Doing Life Together

Sean Lowe, made famous by the reality television shows The Bachelorette and The Bachelor, was known as the Virgin Bachelor. But Lowe makes no apologies for his desire to wait until marriage to have sex with the woman he wanted to marry.

Recently, he spoke at Liberty University’s convocation and talked about how he challenged the lie that you have to sexually test out a partner before marriage in order to know if you have sexual compatibility.

A recent Gallup poll reported:

  • 80 percent of young unmarried Christians have had sex outside of marriage.
  • Two-thirds of unmarried Christians have been sexual active in the last year.
  • 42 percent of the 18-29 year olds in the 80 percent group are currently in sexual relationships.

Yet, despite these statistics, 76 percent of Christians still believe sex outside of marriage is wrong. Apparently, there is a wide disconnect between what we believe and what we actually do. Why is this and how can live what we believe?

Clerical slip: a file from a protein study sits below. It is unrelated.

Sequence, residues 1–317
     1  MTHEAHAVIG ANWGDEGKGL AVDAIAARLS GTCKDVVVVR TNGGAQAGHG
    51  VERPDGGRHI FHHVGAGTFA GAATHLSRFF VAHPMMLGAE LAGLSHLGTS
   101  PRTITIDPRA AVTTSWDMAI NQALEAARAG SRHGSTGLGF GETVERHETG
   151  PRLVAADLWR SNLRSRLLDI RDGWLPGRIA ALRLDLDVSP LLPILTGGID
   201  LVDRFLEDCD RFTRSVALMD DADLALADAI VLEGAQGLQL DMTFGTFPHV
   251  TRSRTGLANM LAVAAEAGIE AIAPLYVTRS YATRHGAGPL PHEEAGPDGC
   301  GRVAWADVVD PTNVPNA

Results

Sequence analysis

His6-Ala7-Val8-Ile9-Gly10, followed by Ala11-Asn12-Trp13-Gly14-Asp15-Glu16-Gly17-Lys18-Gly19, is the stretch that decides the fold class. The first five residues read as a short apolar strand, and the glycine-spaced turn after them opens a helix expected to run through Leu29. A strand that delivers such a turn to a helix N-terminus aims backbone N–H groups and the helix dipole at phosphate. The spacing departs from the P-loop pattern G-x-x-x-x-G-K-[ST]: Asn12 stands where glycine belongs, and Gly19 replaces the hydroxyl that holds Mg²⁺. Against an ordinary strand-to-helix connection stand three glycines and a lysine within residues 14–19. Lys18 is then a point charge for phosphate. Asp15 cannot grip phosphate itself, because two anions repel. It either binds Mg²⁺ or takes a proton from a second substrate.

1) Talk about sex in the church. Rather than pretending that pre-marital sex isn’t happening, we need conversations about how to resist temptation and deal with sexual brokenness. The pressures to conform, availability of pornography, and how we cope with living in a culture saturated with sex, need honest discussion with shared strategies to stay the course.

2) When you engage with media, be intentional. Does what you see line up with a biblical worldview? The constant exposure to promiscuity can desensitize us to the truth of God’s word.

3) Go to church. Attending church one day a week (which is what most people do) hardly competes with the daily onslaught of sexual messages, but it does provide a weekly centering and reminder.